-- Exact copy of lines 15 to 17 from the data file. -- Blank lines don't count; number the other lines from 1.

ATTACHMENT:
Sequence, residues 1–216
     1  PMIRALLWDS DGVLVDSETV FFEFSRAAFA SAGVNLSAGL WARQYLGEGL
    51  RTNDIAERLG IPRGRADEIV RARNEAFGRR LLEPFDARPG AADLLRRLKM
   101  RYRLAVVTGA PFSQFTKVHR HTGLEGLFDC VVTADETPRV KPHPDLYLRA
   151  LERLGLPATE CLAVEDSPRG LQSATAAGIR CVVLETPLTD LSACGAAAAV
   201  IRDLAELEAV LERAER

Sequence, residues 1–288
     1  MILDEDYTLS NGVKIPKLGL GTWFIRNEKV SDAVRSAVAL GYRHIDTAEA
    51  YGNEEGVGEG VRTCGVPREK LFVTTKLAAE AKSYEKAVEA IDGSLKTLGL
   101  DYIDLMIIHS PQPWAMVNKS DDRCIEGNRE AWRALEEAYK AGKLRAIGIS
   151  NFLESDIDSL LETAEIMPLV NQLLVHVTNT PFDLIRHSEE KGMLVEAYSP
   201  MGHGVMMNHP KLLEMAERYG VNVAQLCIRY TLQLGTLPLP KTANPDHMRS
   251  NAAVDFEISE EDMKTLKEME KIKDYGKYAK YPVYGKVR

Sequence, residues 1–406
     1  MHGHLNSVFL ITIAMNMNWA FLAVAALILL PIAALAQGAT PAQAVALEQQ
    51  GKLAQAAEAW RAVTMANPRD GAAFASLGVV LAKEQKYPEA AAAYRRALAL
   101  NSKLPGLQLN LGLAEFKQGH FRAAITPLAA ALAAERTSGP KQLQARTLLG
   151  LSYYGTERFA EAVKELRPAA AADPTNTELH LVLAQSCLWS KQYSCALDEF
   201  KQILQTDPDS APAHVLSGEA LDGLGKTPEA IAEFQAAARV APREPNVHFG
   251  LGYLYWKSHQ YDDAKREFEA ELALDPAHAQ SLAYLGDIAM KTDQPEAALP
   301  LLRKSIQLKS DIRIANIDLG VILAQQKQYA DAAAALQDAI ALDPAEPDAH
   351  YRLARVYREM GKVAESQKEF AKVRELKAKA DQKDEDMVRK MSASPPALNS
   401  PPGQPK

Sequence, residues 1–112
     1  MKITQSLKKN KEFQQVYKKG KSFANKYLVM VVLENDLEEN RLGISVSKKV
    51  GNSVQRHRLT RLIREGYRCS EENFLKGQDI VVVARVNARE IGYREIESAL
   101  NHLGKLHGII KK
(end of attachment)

     1  MHGHLNSVFL ITIAMNMNWA FLAVAALILL PIAALAQGAT PAQAVALEQQ
    51  GKLAQAAEAW RAVTMANPRD GAAFASLGVV LAKEQKYPEA AAAYRRALAL
   101  NSKLPGLQLN LGLAEFKQGH FRAAITPLAA ALAAERTSGP KQLQARTLLG